• Nothing regarding the commitment to end hallway medicine  
  • Nothing about increasing protection for defined benefit pensioners to protect the retirement security of Ontarians

Some positive items although many of them repeats or enhancements of previously announced measures:

  •  Ontario Premier Doug Ford promises to cut income taxes for Ontarians earning less than $50,000 a year through increased eligibility in the low income family tax credit (LIFT).  There are 1.6 million 65+ in Ontario that  have personal income of $50,000 or less who will see about $300 ($25/month) in tax relief. With over 12% of seniors living below the poverty line, this will be of some help, but at less than a dollar a day… not going to perceptibly change the lifestyle of anyone, particularly in a time of rampant inflation. 
  • Home and vehicle modification program for those needing help with accessibility.
  • Restated promises to build 30,000 net new LTC beds by 2028.   These beds are supported by planned investments that total $6.4B since spring 2019 . They are necessary and a welcome part of LTC infrastructure…. but today we have 38,000 Ontarians on the waiting list for LTC.  What will that wait list be six years from now?  
    • Not addressed: the clear need to transform the model of care provided in LTC to a patient-centred, emotion-based care.  The philosophy of seniors care has to be transformed from the top and we will be pressing for  the Ontario PCs to promise this vitally important change during the campaign… A missed opportunity.
    •  Not adequately addressed: the shortage of nurses, PSWs, family doctors  and geriatric specialists – Who will care for all these seniors in hospitals, LTC beds and in home care settings?  The current strategy (retaining nurses with incentives, possible new medial schools, incentivizing internationally trained workers or students/graduates to stay and work) is not a broad enough response to meet the current and looming crisis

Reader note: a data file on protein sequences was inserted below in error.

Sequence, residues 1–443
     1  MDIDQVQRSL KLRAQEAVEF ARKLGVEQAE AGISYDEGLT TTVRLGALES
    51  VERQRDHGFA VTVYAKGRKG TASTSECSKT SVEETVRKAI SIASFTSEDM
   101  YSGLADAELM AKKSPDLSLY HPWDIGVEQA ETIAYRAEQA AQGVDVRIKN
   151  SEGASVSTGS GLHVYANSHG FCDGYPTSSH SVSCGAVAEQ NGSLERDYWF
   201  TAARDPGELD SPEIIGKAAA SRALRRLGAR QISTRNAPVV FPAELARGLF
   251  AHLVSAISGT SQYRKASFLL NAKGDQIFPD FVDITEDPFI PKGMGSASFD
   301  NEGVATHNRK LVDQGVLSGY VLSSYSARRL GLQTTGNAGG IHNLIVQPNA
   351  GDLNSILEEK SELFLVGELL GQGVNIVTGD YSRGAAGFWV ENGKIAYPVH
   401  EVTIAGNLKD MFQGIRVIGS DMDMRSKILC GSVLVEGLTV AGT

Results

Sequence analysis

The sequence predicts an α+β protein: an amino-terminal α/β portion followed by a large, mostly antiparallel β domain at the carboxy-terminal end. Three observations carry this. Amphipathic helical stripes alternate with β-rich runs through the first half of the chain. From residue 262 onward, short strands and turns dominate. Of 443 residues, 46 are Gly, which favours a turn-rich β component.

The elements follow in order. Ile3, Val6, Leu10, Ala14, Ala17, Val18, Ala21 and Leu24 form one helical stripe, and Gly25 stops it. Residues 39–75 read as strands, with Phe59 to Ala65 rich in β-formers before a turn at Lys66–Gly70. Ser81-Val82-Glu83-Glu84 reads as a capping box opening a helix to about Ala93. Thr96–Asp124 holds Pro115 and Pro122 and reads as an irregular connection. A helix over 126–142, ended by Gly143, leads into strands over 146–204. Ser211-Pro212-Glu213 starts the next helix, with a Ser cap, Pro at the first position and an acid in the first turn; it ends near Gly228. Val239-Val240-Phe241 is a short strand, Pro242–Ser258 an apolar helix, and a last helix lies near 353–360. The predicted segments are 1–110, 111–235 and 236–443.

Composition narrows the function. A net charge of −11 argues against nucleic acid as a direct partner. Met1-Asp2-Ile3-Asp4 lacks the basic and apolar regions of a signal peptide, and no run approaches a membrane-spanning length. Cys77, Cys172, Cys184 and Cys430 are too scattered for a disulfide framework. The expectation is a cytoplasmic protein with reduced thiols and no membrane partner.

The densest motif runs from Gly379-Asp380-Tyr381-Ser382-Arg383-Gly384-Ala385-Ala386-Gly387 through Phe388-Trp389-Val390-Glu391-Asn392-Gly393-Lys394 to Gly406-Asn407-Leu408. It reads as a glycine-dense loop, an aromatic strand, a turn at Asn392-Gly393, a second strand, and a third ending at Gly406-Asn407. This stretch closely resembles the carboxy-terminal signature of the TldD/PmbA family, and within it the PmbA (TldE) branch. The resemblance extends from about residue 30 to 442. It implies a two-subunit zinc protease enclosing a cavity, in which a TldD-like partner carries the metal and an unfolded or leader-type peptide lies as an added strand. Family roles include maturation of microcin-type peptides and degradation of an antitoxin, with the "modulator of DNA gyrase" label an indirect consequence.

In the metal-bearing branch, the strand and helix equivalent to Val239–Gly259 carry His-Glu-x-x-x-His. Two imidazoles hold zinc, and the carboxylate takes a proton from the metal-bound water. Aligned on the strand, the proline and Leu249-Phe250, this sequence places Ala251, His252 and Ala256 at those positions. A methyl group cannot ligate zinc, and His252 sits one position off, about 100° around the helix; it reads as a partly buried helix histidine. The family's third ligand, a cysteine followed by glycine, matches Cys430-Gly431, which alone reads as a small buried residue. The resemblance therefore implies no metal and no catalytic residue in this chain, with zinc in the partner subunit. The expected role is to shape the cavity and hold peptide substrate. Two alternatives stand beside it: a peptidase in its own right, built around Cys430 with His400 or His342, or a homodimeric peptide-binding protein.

• $515 million per year over the next three years additional dollars for home care (currently spending almost $3 billion, serving 1 million families). This is not addressing the shortage of workers.  A larger investment would meet need far more adequately while achieving savings in hospitals and LTC.
  •  Ontario Senior Care A proposed refundable Ontario Seniors Care at Home Tax Credit to provide an estimated $110M to help seniors aged 70 and older with eligible medical expenses (e.g, medical devices, nurse’s visits, cost of dentures, wheelchairs or scooters). The credit is expected to support 200,000 families earning under $65,000. The credit will be an average of $550 per family, with a maximum up to $1500 per year, income tested.
  •  Home Safety Tax Credit, 25 % up to $2500.But only available to those who can spend $10,000 on home improvements. 
  • Low income housing was mentioned but the solutions were not planned to be  effective for many years.
  • Decrease in gas tax at the pumps for six months to provide relief  for families.
  • Support for Entrepreneurs will be of interest to the older Ontarians who have left lifetime jobs and now want to start their own businesses, positioning the province as the fastest and easiest jurisdiction to start up and scale up a business. 
  • Investing an additional $204 million in  Mental Health services to build on investments and achievements to date, and to continue to move forward with expanding existing services, implementing innovative solutions and improving access to mental health and addiction services.